OVERVIEW: Gates’ support for education focuses on college readiness and increased access to quality higher education. It also supports science research at higher education institutions. Gates's education-specific programs are K-12 Education and Postsecondary Success.
IP TAKE: Gates does not have a STEM-specific program, but it funds many STEM-related education initiatives, especially innovative techniques and scalable practices and grants for research and resource development around academic standards. Institutions of higher education that have science or technology projects can also find support from one of Gates' many non-education programs.
PROFILE: The Bill & Melinda Gates Foundation was founded in 2000 by Bill Gates, co-founder of the Microsoft Corporation, and his wife Melinda. The foundation sees “equal value in all lives” and seeks to “improve the quality of life for individuals around the world.” Annual giving generally reaches into the billions, and when the Gates Foundation devotes itself to an issue, it can make a significant impact on that cause. Its priorities are diverse but frequently focus on education.
The K-12 Education program helps more students prepare for, attend, and complete college. This includes funds in support of education reform, including increases in teacher accountability and professional development, expanding the role of charter schools, making learning more personalized, increasing the role of technology, and promoting academic standards - particularly the Common Core.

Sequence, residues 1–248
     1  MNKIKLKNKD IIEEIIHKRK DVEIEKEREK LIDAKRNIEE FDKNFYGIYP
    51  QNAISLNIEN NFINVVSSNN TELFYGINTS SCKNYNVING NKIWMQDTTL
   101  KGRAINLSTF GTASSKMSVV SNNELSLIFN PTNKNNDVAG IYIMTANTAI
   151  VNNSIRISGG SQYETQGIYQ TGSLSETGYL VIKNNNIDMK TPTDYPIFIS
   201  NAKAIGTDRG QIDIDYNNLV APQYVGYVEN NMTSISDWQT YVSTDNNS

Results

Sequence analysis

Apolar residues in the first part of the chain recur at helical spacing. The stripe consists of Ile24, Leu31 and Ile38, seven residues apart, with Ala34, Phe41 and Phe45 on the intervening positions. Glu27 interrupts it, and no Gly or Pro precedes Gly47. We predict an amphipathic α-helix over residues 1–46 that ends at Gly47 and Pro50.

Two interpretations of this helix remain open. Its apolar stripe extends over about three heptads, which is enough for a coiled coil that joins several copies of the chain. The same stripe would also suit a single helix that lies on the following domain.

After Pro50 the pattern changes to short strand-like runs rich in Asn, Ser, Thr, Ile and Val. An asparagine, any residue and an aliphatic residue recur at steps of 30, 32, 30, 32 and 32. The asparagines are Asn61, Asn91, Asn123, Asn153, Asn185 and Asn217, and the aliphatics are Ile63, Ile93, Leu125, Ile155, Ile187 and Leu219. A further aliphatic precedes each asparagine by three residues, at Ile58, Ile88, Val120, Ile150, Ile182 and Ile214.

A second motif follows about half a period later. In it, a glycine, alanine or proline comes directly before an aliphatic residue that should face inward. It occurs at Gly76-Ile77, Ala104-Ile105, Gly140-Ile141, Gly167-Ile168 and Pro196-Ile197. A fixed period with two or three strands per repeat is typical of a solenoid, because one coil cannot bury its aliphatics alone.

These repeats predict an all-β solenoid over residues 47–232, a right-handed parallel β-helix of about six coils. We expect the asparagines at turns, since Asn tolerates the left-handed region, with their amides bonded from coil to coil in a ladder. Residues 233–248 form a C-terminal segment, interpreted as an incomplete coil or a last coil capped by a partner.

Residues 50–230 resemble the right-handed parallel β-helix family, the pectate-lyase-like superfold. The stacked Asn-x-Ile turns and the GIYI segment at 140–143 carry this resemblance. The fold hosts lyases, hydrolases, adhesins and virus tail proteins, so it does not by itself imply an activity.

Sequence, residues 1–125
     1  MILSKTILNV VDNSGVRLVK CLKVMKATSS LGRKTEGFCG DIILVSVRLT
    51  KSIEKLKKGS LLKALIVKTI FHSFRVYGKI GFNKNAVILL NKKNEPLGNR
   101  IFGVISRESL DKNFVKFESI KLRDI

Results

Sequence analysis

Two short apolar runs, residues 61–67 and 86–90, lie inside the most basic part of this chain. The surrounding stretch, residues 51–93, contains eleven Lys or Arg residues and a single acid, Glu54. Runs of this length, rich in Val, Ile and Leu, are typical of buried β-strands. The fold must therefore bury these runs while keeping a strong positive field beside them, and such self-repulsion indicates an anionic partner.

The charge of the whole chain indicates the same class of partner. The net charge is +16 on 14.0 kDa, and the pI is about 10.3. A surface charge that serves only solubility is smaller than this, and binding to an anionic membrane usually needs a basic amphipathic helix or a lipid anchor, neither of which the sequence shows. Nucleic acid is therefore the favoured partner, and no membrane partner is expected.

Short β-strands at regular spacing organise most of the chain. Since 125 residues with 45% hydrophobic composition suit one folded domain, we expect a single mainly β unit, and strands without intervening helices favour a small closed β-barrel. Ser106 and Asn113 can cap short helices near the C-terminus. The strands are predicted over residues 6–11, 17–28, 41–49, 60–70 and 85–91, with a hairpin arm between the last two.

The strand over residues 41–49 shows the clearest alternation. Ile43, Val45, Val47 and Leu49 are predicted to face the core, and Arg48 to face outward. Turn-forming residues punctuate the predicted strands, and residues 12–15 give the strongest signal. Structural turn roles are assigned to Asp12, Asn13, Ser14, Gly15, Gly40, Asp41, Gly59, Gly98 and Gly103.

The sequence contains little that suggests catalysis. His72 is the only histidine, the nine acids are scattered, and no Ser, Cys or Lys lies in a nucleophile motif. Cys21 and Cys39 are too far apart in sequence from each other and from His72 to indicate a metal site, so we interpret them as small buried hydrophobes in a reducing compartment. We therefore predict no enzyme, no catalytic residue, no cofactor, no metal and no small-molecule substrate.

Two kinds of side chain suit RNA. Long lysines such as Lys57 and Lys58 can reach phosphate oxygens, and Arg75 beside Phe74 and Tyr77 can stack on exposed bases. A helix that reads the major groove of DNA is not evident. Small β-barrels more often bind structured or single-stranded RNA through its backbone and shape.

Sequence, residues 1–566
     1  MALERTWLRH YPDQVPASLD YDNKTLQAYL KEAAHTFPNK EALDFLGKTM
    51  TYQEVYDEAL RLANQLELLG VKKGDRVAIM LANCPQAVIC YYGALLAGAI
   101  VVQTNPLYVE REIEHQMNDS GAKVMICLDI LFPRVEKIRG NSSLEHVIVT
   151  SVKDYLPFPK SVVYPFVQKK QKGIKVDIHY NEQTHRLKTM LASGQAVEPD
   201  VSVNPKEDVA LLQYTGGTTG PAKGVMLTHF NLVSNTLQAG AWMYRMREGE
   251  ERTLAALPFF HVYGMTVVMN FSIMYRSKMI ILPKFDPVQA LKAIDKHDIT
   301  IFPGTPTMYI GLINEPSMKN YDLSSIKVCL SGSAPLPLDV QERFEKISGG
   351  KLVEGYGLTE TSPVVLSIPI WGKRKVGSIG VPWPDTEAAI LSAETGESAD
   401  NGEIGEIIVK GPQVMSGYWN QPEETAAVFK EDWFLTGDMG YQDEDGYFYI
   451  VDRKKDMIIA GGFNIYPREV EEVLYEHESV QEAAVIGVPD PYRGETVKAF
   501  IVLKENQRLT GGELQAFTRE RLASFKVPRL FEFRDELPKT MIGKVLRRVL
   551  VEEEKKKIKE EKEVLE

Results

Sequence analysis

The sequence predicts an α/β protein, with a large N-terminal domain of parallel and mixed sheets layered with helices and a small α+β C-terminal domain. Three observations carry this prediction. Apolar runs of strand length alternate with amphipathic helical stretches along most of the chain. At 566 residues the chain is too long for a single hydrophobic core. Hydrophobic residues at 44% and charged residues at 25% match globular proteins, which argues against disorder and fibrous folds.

For higher education STEM fundraisers, the Postsecondary Success program is the place to start. Broadly speaking, Gates’s core goals in this program focus on making higher education more “personalized, flexible, clear, and affordable.” The foundation seeks to "ensure that all low-income young adults have affordable access to a quality postsecondary education that is tailored to their individual needs and educational goals and leads to timely completion of a degree or certificate with labor-market value." STEM certainly plays a big role in that last concern - ensuring employability for students after they graduate. New technologies also figure prominently into Gates’ higher education approach, as do improved methods for assessing student performance.
Beyond its education-specific programs, there are also many STEM-related postsecondary grants that Gates awards through its other programs. For example, past grantees of science-related grants in health, disease treatment and prevention, medical science, agricultural science research, and technology development through Gates’s U.S., Global Health, and Global Development programs include colleges and universities.
As is the case with much of Gates's grantmaking, science and STEM-related grants often support larger academic institutions. That said, Gates awards hundreds of grants each year, ranging in size from a few hundred to millions of dollars. STEM-related grants can be reviewed via the foundation’s Awarded Grants database.
To sum up: science education funding is certainly available through Gates’s K-12 and Postsecondary Success programs, but new grantseekers should look into the foundation’s other programs as well.
Unsolicited applications and LOIs are generally not accepted, but grantseekers should check the Grant Opportunities page. In general, though, Gates contacts organizations to solicit grant applications. A list of past grantees can be found on the foundation’s grants database .
Allan Golston, President